For years now, I’ve known there was something wrong when my well-meaning anti-Zionist Jewish friends found it necessary to join Jewish anti-Zionist groups opposing Israel. In the US, Jewish Voice for Peace, in Canada, Not in Our Name; in Britain, Jews Against Zionism—every country has its group, usually more than one. “I am a Jewish witness against Israel,” I would be told. Sounds good, even brave. Sand’s latest deconstruction of Jewishness and Israel, How I Stopped Being a Jew (2014), makes it clear why my suspicions were well founded. Continue reading

War and peace, part II: Azerbaijan and Palestine

Part I considered the remarkable similarities between Armenians and Jews. They both were socialist, then capitalist, adapting as the need arose. Both suffered genocides and achieved independence as fallouts from the upheavals of the 20th century. Continue reading

War & Peace Part I: Armenia & Israel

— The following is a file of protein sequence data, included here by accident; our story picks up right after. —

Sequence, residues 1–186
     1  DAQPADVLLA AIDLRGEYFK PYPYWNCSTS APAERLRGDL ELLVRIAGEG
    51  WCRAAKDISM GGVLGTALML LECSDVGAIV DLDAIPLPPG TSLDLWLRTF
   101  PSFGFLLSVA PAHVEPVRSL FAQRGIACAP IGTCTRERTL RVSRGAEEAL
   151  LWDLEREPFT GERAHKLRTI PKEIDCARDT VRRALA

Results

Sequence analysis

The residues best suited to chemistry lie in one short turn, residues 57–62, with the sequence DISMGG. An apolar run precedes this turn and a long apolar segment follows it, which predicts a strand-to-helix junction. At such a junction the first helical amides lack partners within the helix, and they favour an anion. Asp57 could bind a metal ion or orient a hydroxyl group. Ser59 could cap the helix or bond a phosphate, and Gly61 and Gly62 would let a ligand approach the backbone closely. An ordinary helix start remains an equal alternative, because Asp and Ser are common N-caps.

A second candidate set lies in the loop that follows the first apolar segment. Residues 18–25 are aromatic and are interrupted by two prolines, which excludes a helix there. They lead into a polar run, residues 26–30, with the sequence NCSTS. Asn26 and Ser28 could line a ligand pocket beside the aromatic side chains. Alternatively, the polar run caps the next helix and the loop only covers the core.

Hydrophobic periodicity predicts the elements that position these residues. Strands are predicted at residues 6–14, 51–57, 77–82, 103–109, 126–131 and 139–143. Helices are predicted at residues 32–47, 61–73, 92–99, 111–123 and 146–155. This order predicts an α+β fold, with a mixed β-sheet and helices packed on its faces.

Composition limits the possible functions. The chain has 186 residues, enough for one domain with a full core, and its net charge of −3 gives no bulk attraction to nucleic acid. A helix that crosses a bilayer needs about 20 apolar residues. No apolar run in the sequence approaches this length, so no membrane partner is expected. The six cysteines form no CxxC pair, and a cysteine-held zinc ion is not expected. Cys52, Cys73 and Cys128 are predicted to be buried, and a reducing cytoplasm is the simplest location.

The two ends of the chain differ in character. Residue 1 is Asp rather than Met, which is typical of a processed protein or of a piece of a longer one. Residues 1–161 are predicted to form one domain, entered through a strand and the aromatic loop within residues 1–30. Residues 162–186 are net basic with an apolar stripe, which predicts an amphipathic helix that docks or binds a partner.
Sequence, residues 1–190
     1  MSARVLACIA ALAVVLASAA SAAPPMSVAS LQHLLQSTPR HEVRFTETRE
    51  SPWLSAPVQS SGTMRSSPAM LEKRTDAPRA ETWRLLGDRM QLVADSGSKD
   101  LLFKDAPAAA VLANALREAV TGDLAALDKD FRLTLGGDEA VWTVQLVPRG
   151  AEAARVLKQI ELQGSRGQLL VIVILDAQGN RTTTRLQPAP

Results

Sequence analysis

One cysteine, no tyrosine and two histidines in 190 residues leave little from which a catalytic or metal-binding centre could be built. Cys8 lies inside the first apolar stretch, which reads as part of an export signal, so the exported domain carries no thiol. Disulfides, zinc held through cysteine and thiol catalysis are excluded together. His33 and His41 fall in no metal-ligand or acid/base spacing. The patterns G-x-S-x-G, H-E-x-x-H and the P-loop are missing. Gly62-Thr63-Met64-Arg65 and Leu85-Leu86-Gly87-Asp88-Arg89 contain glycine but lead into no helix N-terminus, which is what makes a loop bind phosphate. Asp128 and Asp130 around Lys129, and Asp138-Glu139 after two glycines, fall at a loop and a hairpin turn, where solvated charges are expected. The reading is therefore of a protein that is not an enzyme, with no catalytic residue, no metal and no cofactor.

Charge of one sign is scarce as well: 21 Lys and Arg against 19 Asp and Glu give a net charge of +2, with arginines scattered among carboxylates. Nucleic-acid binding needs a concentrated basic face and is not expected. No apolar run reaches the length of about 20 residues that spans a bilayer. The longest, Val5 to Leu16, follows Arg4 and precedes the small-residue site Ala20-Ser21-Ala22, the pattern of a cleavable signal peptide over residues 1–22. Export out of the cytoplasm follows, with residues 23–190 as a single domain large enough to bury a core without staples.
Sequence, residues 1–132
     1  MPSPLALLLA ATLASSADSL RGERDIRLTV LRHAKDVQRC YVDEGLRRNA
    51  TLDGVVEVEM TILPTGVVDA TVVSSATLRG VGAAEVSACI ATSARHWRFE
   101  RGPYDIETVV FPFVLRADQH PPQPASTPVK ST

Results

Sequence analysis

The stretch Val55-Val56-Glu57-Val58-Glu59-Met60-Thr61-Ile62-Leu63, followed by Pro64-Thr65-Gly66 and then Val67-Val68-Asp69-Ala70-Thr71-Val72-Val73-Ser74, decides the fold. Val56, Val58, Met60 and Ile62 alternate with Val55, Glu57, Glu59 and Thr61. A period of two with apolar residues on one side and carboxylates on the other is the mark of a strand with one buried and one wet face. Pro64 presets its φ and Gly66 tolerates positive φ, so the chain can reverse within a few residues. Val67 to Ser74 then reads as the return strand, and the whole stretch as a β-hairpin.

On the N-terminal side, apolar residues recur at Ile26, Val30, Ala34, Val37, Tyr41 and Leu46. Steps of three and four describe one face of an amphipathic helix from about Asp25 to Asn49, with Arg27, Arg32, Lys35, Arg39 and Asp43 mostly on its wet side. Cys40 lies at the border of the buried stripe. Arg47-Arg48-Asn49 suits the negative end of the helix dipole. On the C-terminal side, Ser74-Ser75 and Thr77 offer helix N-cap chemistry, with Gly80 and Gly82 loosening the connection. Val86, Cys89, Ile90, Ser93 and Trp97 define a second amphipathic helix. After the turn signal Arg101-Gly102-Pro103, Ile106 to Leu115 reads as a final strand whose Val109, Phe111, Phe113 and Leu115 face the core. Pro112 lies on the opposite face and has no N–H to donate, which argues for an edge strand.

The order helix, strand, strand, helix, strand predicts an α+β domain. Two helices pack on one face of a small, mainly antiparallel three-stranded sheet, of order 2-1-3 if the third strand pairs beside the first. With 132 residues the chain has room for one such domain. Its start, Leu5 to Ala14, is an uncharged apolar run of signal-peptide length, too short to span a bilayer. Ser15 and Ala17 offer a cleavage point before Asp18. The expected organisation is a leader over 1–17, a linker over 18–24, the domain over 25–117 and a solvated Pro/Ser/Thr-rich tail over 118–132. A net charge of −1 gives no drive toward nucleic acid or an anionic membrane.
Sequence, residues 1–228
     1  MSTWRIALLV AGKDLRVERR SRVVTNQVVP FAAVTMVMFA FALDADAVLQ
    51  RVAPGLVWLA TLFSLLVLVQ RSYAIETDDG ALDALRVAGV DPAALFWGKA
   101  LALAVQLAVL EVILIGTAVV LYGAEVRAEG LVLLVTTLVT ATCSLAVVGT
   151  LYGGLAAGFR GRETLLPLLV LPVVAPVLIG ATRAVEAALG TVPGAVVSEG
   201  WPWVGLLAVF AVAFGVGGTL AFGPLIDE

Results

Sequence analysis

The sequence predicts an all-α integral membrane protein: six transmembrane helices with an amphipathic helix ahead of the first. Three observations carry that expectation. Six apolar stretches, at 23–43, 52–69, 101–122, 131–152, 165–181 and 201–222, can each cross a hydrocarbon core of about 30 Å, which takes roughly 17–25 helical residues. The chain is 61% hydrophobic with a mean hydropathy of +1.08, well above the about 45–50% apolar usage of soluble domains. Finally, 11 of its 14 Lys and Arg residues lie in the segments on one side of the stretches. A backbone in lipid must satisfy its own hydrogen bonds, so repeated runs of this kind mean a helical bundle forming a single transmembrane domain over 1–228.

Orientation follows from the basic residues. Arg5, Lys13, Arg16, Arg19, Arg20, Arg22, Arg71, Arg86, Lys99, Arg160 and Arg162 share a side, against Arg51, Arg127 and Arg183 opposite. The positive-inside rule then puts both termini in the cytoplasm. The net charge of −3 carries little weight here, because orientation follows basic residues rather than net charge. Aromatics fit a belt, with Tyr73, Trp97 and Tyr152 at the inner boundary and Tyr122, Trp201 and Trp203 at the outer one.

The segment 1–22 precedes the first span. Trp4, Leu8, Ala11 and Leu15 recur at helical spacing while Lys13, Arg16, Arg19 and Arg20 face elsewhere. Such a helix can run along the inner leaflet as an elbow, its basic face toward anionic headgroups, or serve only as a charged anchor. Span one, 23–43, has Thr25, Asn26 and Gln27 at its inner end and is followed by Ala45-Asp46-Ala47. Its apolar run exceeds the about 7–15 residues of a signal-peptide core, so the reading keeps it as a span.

The world hovers on the edge of war, not only in Israel-Palestine, Syria, Ukraine, but in Eurasia’s ground zero, where Armenia and Azerbaijan are always on the cusp of a new outbreak of their unresolvable conflict over Nagorno-Karabakh, an Armenian enclave in the centre of the post-Soviet ‘republic’ of Azerbaijan. Continue reading

Basic Income: International experience (Brazil, Namibia, Canada, India)

Founded in 1986, the Basic Income European Network (BIEN) is the international NGO that promotes BIG around the world. It held its last conference “Re-democratizing the Economy” at McGill’s Faculty of Law in 2014. A North American congress was held in Winnipeg in May 2016 and its 16th congress will be in July in Seoul, South Korea. Its credo is that some sort of economic right based upon citizenship rather than upon one’s relationship to the production process or one’s family status is called for as part of the just solution to social problems in advanced societies. Continue reading

Basic income: Helicopter money

About 10% of Canadians live in poverty. That figure is even higher in major cities, such as Toronto where the number of children living below the line is nearly 25%. In India, 22% of the people live in poverty. A “guaranteed annual income” (GAI) could wipe out this poverty at a stroke. Continue reading

Why did US seize Iran’s $2 billion?